Case number: OIC-91759-C2P0Y9
27 November 2020
On 29 November 2019, the applicant made an FOI request to the Department for copies of all records from 7 June 2017 onwards (including electronic and audio/video records) held by the Department and its officers concerning himself and a named division of the Department where he works. On 17 December 2019, the Department informed the applicant that it was necessary to extend the period for consideration of his request by four weeks under section 14(1)(a) of the Act due to the volume of records to be examined and considered. On the same date, the applicant sought a review by this Office of the decision to extend the timeframe for considering his request.
On 6 January 2020, the Department contacted the applicant and asked whether he required it to supply records and e-mails already in his possession as part of his request. The applicant confirmed that the Department could omit emails that were sent or copied to him. On 28 January 2020, the Department issued its decision. The Department identified 39 records falling within the scope of the applicant’s narrowed request. It granted access to 15 records in full and it refused access in full or in part to the remaining records under sections 29, 30 and section 37 of the FOI Act. On 28 January 2020, the applicant applied for an internal review of the Department’s decision.
On 6 February 2020, this Office affirmed the Department’s decision to extend the period for consideration of the applicant’s request under section 14 of the Act. On 14 February 2020, the Department issued its internal review decision, which varied its original decision. The Department stated that following further searches it had located nine additional records and it refused access to parts of these records under section 37 of the Act. On 12 May 2020, the applicant applied to this Office for a review of the Department’s decision.
I have now completed my review in accordance with section 22(2) of the FOI Act. I have decided to conclude this review by way of a formal, binding decision. In conducting the review, I have had regard to the correspondence between the applicant and the Department and to the communications between this Office and both the Department and the applicant on the matter.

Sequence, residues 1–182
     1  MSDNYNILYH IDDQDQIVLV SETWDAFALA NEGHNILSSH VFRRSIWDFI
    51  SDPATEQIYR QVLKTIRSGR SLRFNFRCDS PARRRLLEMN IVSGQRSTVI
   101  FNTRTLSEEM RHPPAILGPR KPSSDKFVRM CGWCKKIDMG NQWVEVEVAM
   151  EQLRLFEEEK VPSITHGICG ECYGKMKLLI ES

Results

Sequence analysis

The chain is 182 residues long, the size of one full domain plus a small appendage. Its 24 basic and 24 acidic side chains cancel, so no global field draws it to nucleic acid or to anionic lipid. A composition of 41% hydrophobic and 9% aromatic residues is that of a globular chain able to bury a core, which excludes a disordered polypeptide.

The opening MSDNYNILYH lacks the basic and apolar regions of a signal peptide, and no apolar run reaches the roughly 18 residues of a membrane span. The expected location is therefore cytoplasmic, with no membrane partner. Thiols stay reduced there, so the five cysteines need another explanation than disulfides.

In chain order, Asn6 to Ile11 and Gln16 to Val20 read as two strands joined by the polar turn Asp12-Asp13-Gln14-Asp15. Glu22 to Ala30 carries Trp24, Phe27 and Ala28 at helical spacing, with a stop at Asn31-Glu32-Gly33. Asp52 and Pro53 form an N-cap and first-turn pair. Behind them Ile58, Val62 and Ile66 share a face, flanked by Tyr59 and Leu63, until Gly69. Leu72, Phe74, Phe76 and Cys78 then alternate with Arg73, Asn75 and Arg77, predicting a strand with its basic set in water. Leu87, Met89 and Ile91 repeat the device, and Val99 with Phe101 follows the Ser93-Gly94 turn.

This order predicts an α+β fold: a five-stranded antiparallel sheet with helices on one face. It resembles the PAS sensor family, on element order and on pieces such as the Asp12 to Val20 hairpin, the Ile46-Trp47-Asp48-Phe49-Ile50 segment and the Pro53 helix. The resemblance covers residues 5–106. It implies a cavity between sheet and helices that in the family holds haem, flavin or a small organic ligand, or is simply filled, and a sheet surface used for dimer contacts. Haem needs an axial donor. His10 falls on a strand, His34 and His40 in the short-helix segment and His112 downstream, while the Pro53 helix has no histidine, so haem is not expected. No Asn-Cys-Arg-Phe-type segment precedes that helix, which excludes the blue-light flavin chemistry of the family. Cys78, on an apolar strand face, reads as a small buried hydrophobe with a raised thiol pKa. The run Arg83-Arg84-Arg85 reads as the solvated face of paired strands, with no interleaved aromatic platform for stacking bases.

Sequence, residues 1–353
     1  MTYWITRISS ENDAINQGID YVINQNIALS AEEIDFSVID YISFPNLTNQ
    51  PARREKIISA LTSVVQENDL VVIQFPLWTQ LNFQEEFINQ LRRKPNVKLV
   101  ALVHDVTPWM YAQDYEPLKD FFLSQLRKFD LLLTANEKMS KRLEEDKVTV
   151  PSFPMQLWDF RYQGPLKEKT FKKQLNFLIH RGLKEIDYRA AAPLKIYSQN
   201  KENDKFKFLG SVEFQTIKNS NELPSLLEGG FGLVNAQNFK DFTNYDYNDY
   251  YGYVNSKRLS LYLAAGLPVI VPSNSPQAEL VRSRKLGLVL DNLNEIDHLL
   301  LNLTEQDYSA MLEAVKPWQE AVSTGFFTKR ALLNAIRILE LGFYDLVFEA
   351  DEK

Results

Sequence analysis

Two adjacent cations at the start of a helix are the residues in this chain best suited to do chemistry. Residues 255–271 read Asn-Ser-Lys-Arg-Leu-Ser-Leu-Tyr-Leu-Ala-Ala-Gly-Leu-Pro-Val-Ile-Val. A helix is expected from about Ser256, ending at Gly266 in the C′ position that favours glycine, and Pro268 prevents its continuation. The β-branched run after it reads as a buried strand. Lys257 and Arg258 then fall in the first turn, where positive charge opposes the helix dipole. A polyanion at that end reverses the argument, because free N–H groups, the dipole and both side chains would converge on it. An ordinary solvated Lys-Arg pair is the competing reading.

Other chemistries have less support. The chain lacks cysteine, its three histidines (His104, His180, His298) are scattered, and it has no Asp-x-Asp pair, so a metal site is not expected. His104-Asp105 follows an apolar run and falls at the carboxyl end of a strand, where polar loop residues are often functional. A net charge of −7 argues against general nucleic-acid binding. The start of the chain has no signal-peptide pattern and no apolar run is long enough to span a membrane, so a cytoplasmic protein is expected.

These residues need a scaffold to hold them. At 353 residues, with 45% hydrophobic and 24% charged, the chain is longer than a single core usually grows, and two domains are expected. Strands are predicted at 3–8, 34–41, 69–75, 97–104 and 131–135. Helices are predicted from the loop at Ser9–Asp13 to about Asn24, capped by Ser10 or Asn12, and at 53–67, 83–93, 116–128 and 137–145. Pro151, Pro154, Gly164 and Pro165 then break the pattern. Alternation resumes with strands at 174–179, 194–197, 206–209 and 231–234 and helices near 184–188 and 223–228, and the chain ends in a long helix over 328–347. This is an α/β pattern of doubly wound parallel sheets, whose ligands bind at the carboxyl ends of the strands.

In communications with this Office, the applicant confirmed that he is seeking a review of the Department’s decision solely on the basis that further records falling within the scope of his request ought to exist. The applicant asserts that the Department’s interpretation of the scope of his request was an extremely narrow one. He states that his request related to: (i) all records concerning himself, (ii) all records concerning a named Division. He states that there was nothing in the wording of his request confining it to his interactions with the named Division.
The Department contends that the key phrase in the applicant’s request reads all records “concerning myself and the [named] Division of the Department”. Given this wording, the Department states that its decision to confine the search to records pertaining to the applicant’s interactions with the named Division was a reasonable interpretation of the request.
It seems to me that the applicant has sought to break his request into two separate distinct parts i.e. (i) all records concerning himself; (ii) all records concerning the Division where he works. If I were to accept this interpretation, then records concerning the Division but with no connection to the applicant would fall within the scope of the request. The applicant’s request was for all records which concern himself and the division where he works. On the basis of this wording, I am satisfied that it was reasonable for the Department to interpret the request as relating to records which concern the applicant’s interactions with the Division where he works and I find accordingly.
This review is therefore solely concerned with the question of whether the Department was justified in refusing to release additional records falling within the scope of the applicant’s request under section 15(1)(a) of the Act.